The Kansas Department of Health and Environment has confirmed at least two cases of swine flu in the state, while the New York City Department of Public Health reported at least eight out of an estimated 100 students at a Queens prepatory school who displayed flu-like symptoms likely have the infection.
Meanwhile, Imperial County health officials reported that San Diego has yet another case of the swine flu strain that has killed up to 68 people in Mexico.
The escalation in the swine flu situation on Saturday underscored concerns by international, federal and local health agencies over the threat of the new virus, even as government health officials said much remains unknown.
But if one thing is clear about the spread of this virus, it is that containment is no longer an option.
"It's clear that this is widespread," said Dr. Anne Schuchat, director of the CDC's National Center for Immunization and Respiratory Diseases, at a press conference Saturday afternoon.
"We do not think that we can contain the spread of this virus," Schuchat added. "Having found virus where we have found it, we are very likely to find it in other places. ... We are not at a point where we can keep this virus in just one place."
The cases further demonstrate that health officials do not know where else the virus might turn up. Details of swine flu's spread in Mexico also remain murky. A team sent by the Centers for Disease Control and Prevention is now on the ground there seeking clues on the origin and spread of the disease.
What also remains unclear is why the virus seems to have led to more severe illness in Mexico than in the U.S. -- at least for now.
"What we still don't know is how widespread it is," said Dr. William Schaffner, chairman of preventive medicine at Vanderbilt University Medical Center in Nashville, Tenn. "The question is: How long have things been going on in Mexico, and how attentive have they been in terms of what's going on in their country?"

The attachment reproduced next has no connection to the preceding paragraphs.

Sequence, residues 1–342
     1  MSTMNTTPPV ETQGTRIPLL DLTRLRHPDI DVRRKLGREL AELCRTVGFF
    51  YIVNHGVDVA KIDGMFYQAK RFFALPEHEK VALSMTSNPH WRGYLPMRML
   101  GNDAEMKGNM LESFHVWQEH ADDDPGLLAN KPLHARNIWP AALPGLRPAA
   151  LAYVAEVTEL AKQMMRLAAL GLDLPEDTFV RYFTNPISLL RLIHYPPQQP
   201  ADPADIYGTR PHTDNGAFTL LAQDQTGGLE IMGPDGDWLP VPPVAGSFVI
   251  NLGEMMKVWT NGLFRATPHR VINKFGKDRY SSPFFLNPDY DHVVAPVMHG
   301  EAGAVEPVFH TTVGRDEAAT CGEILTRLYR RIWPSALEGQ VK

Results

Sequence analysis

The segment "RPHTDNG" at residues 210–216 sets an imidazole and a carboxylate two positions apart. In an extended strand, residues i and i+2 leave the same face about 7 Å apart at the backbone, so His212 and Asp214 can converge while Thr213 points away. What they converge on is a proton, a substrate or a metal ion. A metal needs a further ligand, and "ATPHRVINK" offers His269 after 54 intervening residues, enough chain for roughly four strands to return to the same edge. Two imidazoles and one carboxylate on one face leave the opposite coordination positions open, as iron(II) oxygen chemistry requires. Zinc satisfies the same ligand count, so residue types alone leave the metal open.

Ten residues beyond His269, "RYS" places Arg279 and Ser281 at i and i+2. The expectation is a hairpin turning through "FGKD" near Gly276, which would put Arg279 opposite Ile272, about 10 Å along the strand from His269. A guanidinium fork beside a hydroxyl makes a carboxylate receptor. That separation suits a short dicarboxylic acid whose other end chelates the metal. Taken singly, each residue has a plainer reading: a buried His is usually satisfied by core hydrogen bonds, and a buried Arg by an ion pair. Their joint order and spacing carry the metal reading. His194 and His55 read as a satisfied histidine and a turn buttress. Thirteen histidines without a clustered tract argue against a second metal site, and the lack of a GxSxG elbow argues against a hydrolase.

Meanwhile, emergency departments in affected areas are preparing for what they said could be a rise in cases.
"It is quite conceivable that it could escalate fairly rapidly," said Dr. Richard Bradley, chief of the Division of EMS and Disaster Medicine at the University of Texas Health Sciences Center at Houston. "If we are seeing a flu epidemic in Mexico, we should expect an uptick fairly quickly in Texas, where I am, and in California."
Still, Bradley said that the situation thus far has been relatively fortunate.
"Right now, we are in the increased awareness phase -- we don't yet know how this is going to develop," he said. "Fortunately, right now the cases in California and in Texas seem to be milder than the cases we've seen in Mexico. We hope that this trend continues in the U.S."
Emergency departments in other areas of the country also are stepping up efforts to control the virus should it surface.
Dr. Lewis Goldfrank, professor and chairman of the Department of Emergency Medicine at Bellevue Hospital in New York City said that though no cases have been detected in his emergency department yet, any patient who comes in with a cough and a fever or a rash and a fever is isolated for a nasal swab to detect influenza -- a test that takes about an hour.